Good football, bad storytelling, can’t lose: Madden 18 review

There is a lot to unpack with the entirety of this newest Madden release, Madden 18, and overall I’m happy to say that mostly positive things are to be said about the game for once. However, there is one new and distinct game mode that bears special attention. A movie within a game within a game, NFL Longshot is a surreal, terrible expulsion of over-the-top campy nonsense. What more could you ask for?

Altogether, this Madden release has some truly awesome features that have enhanced the actual gameplay to levels I didn’t expect, having been away from the series for a few years. Combining the high level execution of the gameplay with the ultimately “so bad it’s good” Longshot mode, Madden 18 is a surprisingly nice edition to the ongoing NFL football franchise.

Madden 18 features a much more simplified list of modes and features than past versions, and that is a mixed bag. On one hand, the streamlined feel takes away a lot of the extras that clogged up menus, but missing modes like a true single player career mode removes what could be great gameplay experiences. What remains is a franchise mode, including online multiplayer franchises, the Madden Ultimate Team, and the new Longshot mode.

The game is now split into three styles: Arcade for casual and high octane action, Simulation which mimics as closely as possible the real life game, and Competitive which focuses on user plays and true skill over AI generated plays. This is a great way to open the game up to more players, and each one has its own charm. Simulation mode is by and far the best, but Competitive is the mode you’ll need to know best if you want to play online.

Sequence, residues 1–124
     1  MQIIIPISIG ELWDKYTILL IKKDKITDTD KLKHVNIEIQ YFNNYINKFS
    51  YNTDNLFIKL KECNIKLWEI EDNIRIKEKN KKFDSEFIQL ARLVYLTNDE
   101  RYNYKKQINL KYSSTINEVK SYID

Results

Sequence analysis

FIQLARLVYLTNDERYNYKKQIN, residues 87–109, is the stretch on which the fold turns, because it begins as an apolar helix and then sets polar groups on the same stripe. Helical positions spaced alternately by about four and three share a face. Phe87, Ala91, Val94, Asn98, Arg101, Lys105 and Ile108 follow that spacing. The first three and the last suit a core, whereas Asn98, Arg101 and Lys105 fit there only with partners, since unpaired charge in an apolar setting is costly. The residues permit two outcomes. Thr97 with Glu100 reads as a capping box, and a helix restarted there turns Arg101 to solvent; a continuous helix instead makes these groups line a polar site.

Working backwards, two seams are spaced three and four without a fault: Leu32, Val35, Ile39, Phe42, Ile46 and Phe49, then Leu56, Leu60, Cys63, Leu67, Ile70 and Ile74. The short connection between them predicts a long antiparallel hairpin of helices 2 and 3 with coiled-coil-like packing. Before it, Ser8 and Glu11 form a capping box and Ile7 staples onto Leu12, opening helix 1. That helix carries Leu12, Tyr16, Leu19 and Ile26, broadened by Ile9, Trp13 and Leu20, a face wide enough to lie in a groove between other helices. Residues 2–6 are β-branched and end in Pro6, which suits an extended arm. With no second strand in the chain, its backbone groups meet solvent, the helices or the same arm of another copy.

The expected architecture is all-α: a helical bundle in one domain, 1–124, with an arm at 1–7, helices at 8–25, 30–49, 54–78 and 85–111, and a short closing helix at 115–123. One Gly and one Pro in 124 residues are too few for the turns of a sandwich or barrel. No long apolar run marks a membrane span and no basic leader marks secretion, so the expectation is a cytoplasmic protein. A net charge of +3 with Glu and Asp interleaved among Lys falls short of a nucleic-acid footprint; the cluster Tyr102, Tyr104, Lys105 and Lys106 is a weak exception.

Madden 18 continues with the recent improvements on player collision and actions, and while not really perfect yet, this game has some of the most fluid tackles and reactions that I’ve ever seen in a sports title. The running game, the defensive play and special teams all seem to be very familiar and unchanged over the years, besides minor tweaks. The most impactful changes have come to the passing game, and they are excellent.

Passing allows for a ton of control with the way the pass is released, and also how the receiver will react to the ball. Gone are the days where a lob pass is intercepted 100% of the time while your receiver just stands still. Now you can control more of how the pass is thrown, and then immediately choose how the receiver makes the catch, be it possessive, aggressive, or with an eye on yards after the catch. It opens up the passing game so much, more than any other innovation I can remember, and makes for some truly exciting plays in the end zone. Big plus here.

All said, nothing more strikingly stuns and offends like the new Longshot mode. Longshot is a narrative, featuring Mahershala Ali of Luke Cage and Hidden Figures fame. Mahershala plays the father of Devin Wade, star quarterback and victim of severely powerful emotions. Devin and his best friend Colt Cruise are together all the way through high school, into college, and beyond, but all the while Devin can’t shake the emotional baggage of his past.

I don’t want to ruin anything for you, but suffice it to say every single sports movie cliche you can imagine crammed into about 5 hours of gameplay still doesn’t tell the full story of how hacky and stilted this thing is. There is a tough talking community mom type, the small but quick competitive loverboy type, and even a rough and tumble tomboy enlisted in the army makes an appearance. All of the interactions are forced and horrible, and when Dan Marino comes into play, the incredible cheese becomes so thick you think you may never “Wade” back out of it.